N. Korea’s Kim guides rocket firing drills

SEOUL, South Korea — North Korea said Monday that leader Kim Jong Un guided the test launches of tactical ballistic rockets aimed at U.S. and South Korean forces, the second such launch drill reported in state media in three days.

The latest launch likely refers to suspected Scud missile launches that Seoul officials say the North fired a day earlier.

South Korean defense officials said the North launched two short-range missiles Sunday into waters off its east coast and that they were suspected to be Scud-type ballistic missiles. South Korea’s military views the launches as provocative as they were made without designating a no-sail zone. The missiles flew about 500 kilometers (310 miles), according to South Korea’s Defense Ministry.

On Monday, Pyongyang’s official Korean Central News Agency said Kim guided the drills, which involved precision-guided missiles and shells, and that he expressed satisfaction over the results. It said the launches didn’t cause any impact on international navigation or the environment.

KCNA didn’t say when and where the training occurred. But the rockets the country said it fired were likely the suspected Scud missiles that South Korea says the North launched on Sunday as there were no other reported missile and rockets launches by the North on the day.

It’s Kim’s second reported inspection of firing drills in recent days. State media said Friday that Kim guided test launches of newly developed precision-guided missiles, in a likely reference to three short-range projectiles South Korean officials say the North fired a day earlier.

South Korean Defense Ministry spokesman Kim Min-seok said Monday that it was difficult to conclude the purpose of Sunday’s launches, though he said the launches Thursday appeared to be part of efforts to develop and upgrade large-caliber multiple rocket launch systems.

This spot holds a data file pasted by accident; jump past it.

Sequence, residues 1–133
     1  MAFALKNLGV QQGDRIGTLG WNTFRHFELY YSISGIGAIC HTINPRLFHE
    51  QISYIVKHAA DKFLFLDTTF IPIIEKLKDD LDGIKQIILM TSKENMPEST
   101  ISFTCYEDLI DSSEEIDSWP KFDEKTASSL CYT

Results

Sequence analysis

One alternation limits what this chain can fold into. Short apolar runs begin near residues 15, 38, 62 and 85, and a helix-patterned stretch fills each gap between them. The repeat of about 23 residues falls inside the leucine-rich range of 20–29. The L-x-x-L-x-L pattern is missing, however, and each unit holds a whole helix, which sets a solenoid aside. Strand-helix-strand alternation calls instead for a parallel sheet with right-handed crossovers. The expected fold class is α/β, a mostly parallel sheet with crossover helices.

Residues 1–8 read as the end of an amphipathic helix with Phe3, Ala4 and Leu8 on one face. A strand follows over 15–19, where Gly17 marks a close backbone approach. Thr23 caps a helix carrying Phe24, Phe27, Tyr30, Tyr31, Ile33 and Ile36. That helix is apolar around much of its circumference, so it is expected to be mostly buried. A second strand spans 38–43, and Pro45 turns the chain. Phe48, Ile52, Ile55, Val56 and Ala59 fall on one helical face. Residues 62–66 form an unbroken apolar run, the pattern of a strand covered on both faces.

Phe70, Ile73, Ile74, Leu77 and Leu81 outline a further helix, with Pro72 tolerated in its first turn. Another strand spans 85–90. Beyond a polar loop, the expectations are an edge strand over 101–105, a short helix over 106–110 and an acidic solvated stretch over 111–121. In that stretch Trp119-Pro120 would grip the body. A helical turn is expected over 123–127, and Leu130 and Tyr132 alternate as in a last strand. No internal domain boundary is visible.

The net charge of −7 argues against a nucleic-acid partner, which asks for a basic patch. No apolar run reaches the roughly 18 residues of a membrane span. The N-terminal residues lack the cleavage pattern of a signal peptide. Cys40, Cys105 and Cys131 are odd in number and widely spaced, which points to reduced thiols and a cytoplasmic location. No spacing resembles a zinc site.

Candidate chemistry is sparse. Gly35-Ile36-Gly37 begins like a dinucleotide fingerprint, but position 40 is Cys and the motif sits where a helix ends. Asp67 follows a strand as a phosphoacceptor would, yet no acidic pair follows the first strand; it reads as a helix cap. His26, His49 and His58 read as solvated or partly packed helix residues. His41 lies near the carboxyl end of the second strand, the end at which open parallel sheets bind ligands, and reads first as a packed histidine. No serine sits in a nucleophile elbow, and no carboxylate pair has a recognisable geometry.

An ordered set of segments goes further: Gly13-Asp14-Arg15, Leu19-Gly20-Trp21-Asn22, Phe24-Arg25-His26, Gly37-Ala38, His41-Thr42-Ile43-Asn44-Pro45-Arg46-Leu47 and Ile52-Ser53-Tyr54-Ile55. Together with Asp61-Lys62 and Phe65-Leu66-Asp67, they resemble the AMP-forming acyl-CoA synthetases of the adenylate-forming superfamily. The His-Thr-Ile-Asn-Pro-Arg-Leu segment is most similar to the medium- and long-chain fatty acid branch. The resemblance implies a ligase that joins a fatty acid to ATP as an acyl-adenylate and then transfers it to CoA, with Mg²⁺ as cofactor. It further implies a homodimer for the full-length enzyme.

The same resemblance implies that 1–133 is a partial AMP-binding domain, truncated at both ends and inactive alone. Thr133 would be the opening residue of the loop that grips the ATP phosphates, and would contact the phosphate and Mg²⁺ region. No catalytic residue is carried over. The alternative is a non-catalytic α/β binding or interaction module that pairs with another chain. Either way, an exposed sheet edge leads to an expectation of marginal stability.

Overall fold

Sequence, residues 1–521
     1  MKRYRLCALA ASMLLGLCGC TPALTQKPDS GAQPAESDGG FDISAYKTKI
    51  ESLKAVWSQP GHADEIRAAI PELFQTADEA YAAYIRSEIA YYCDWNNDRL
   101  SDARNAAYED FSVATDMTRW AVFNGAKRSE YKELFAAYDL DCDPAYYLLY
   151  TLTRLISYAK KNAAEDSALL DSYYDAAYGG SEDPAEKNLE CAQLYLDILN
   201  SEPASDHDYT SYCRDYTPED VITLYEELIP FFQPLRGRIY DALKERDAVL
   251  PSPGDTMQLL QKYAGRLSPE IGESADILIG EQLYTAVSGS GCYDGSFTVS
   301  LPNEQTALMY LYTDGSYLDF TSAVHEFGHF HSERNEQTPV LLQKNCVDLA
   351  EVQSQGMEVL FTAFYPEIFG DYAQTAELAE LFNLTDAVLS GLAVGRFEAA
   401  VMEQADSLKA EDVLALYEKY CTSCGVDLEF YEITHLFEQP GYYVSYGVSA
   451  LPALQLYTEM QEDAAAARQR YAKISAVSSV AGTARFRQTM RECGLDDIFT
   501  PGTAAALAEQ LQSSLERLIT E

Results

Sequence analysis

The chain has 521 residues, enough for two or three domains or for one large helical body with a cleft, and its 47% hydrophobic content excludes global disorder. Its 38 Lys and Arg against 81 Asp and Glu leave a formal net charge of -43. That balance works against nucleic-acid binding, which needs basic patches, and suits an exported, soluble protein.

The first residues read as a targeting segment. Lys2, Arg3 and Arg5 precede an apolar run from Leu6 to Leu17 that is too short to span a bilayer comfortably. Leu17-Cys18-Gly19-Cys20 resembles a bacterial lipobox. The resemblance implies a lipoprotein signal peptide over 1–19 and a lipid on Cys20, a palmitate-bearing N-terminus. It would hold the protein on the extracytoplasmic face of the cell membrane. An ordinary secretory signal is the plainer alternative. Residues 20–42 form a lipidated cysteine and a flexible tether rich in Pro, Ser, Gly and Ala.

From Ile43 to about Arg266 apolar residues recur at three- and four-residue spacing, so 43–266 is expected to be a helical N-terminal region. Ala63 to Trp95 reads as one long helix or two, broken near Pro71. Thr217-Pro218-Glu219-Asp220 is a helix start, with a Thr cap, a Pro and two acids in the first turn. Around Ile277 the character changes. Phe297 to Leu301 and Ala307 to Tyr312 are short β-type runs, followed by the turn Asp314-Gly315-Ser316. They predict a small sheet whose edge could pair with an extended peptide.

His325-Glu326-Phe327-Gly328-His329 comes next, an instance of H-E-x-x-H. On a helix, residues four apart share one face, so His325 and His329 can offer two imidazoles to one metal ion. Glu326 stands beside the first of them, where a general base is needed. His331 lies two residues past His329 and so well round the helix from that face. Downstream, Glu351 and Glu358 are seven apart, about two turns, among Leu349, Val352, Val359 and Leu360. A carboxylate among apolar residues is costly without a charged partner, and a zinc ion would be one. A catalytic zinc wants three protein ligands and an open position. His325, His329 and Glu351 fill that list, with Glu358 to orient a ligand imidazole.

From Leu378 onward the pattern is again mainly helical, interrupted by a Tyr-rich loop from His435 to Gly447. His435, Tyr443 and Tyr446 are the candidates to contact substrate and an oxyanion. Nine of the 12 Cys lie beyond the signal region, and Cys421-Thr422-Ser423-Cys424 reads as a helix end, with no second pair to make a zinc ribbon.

North Korea regularly test-fires missiles and artillery, both to refine its weapons and to express its anger over various developments in Seoul and Washington. North Korea has in recent days criticized alleged South Korean artillery firing drills near a disputed maritime boundary in the Yellow Sea that has been the scene of several bloody skirmishes between the rival nations in recent years.

The missile displays also come days before the leader of North Korea’s only major ally, Chinese President Xi Jinping, meets South Korean President Park Geun-hye. Seoul and Beijing have long pressed North Korea to abandon its nuclear weapons ambitions.

It’s not possible to tell if this claims about the new missiles is an exaggeration, something North Korea has frequently done in the past when trumpeting its military capability, analysts say.

The impoverished North devotes much of its scarce resources to missile and nuclear programs that threaten South Korea, Japan and tens of thousands of U.S. troops in the region. Outside analysts say North Korea has developed a handful of crude nuclear devices and is working toward building a warhead small enough to mount on a long-range missile, although most experts say that goal may take years to achieve.

The Korean Peninsula is still technically in a state of war because the 1950-53 Korean War ended with an armistice and not a peace treaty.

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